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Sudden Cardiac Arrest (cont.)

How Is Sudden Cardiac Arrest Treated?

Emergency Treatment

Sudden cardiac arrest (SCA) requires immediate treatment with a defibrillator. This device sends an electric shock to the heart. The electric shock may restore a normal rhythm to a heart that's stopped beating.

To work well, defibrillation must be done within minutes of sudden cardiac arrest. With every minute that passes, the chances of surviving sudden cardiac arrest drop rapidly.

Police, emergency medical technicians, and other first responders usually are trained and equipped to use a defibrillator. Call 9–1–1 right away if someone has signs or symptoms of sudden cardiac arrest. The sooner help is called, the sooner potentially lifesaving treatment can be done.

Automated External Defibrillators

Automated external defibrillators (AEDs) are special defibrillators that untrained bystanders can use. These devices are becoming more available in public places like airports, office buildings, and shopping centers.

AEDs are programmed to give an electric shock if they detect a dangerous arrhythmia, such as ventricular fibrillation. This prevents giving a shock to someone who may have fainted but isn't having sudden cardiac arrest.

Cardiopulmonary resuscitation (CPR) should be given to a person having sudden cardiac arrest until defibrillation can be done.

People who are at risk for sudden cardiac arrest may want to consider having an AED at home. Currently, one AED, the Phillips HeartStart Home Defibrillator, is sold over-the-counter for home use.

The benefits of home-use AEDs are still debated. Some people feel that placing these devices in homes will save many lives, because many sudden cardiac arrests occur at home.

Others note that no evidence supports the idea that home-use AEDs save more lives. These people fear that people who have AEDs in their homes will delay calling for help during an emergency. They're also concerned that people who have home-use AEDs will not properly maintain the devices or forget where they are.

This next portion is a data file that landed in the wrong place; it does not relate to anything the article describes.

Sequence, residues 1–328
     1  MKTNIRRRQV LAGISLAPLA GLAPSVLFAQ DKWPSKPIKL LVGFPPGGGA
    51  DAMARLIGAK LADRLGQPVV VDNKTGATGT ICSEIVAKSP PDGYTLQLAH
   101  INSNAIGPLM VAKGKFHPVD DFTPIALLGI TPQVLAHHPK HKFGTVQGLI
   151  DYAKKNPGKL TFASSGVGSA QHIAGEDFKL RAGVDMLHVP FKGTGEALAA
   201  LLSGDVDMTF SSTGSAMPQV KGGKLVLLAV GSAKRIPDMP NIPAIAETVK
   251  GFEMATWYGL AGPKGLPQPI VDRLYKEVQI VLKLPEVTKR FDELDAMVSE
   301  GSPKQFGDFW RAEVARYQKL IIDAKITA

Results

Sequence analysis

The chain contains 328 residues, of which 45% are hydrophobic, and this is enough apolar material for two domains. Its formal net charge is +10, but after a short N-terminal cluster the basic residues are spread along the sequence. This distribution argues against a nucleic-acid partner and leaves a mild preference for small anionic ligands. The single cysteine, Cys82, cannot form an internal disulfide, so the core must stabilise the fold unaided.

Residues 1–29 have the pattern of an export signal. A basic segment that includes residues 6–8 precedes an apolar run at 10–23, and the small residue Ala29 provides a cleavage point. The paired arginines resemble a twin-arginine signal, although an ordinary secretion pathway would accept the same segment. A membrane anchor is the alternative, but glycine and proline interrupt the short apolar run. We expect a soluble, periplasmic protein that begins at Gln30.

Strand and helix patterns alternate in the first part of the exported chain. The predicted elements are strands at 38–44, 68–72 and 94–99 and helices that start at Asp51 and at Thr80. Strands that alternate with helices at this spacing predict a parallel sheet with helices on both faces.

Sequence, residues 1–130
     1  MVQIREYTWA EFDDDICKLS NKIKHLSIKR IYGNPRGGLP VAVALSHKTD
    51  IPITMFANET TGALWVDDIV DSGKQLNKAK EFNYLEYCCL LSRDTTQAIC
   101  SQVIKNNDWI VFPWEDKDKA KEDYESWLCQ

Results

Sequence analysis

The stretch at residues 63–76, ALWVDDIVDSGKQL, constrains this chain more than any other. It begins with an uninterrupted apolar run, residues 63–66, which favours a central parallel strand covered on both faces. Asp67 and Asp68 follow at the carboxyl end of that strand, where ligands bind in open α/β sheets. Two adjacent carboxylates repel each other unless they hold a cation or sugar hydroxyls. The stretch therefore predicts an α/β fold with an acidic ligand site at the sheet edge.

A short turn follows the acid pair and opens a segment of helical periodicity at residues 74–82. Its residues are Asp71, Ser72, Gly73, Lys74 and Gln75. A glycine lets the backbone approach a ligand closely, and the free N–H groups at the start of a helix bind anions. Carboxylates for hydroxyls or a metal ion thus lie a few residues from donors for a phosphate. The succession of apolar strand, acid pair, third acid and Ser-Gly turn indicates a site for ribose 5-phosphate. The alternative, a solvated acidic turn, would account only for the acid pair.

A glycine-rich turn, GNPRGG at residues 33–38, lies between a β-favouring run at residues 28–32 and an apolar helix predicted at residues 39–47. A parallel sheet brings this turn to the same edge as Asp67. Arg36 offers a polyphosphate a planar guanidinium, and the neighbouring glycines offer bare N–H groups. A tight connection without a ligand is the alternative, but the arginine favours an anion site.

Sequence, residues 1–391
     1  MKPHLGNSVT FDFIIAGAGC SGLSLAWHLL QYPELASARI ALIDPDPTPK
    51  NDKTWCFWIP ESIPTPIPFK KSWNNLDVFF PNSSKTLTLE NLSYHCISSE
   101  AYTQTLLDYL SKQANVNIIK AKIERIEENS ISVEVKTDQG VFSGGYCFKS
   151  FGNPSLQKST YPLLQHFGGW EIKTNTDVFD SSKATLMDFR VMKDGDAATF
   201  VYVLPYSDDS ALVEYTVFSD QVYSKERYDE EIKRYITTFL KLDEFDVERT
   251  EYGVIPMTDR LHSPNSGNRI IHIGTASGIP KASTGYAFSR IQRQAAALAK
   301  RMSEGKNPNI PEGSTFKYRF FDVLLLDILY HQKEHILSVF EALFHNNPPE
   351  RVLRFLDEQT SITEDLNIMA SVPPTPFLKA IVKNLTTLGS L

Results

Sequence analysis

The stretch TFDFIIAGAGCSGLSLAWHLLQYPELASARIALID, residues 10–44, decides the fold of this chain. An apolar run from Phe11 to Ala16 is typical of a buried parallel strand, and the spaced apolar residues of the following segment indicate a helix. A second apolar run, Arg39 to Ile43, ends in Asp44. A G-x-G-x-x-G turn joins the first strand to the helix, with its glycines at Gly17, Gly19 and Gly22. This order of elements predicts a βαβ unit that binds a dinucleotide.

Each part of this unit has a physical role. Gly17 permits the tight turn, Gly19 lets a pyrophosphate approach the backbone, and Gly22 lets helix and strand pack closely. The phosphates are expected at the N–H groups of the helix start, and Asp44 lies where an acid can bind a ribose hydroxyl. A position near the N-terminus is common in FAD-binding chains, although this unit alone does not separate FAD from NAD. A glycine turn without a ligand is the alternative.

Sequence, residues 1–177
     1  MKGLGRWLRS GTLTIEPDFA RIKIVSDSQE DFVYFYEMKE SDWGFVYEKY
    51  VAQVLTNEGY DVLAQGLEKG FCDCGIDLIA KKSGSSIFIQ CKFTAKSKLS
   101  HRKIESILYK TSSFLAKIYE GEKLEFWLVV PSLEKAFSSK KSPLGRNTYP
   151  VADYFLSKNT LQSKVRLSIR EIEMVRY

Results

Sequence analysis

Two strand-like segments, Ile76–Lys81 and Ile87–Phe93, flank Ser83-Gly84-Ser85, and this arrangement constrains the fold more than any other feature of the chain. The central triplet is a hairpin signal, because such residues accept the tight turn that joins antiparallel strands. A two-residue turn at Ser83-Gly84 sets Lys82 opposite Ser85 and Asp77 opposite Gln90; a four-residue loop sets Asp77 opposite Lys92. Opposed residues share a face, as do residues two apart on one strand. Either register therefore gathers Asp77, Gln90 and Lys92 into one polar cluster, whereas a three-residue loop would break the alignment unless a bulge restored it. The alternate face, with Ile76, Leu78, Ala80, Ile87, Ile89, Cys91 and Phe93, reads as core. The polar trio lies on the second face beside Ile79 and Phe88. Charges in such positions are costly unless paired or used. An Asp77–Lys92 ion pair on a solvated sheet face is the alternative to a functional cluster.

A large study on AEDs is currently under way. It may provide information on the pros and cons of having an AED in the home.

When considering a home-use AED, talk to your doctor. He or she can help you decide whether having an AED in your home will benefit you.

Treatment in a Hospital

If you survive sudden cardiac arrest, you usually will be admitted to a hospital for observation and treatment. In the hospital, your medical team will closely watch your heart. They may give you medicines to try to reduce the chance of another sudden cardiac arrest.

While in the hospital, your medical team will try to find out what caused your sudden cardiac arrest. If you're diagnosed with coronary artery disease, you may have angioplasty or coronary artery bypass grafting. These procedures help restore blood flow through narrowed or blocked coronary arteries.

Often, people who have sudden cardiac arrest get a device called an implantable cardioverter defibrillator (ICD). This small device is surgically placed under the skin in your chest or abdomen. An ICD uses electric pulses or shocks to help control dangerous arrhythmias.

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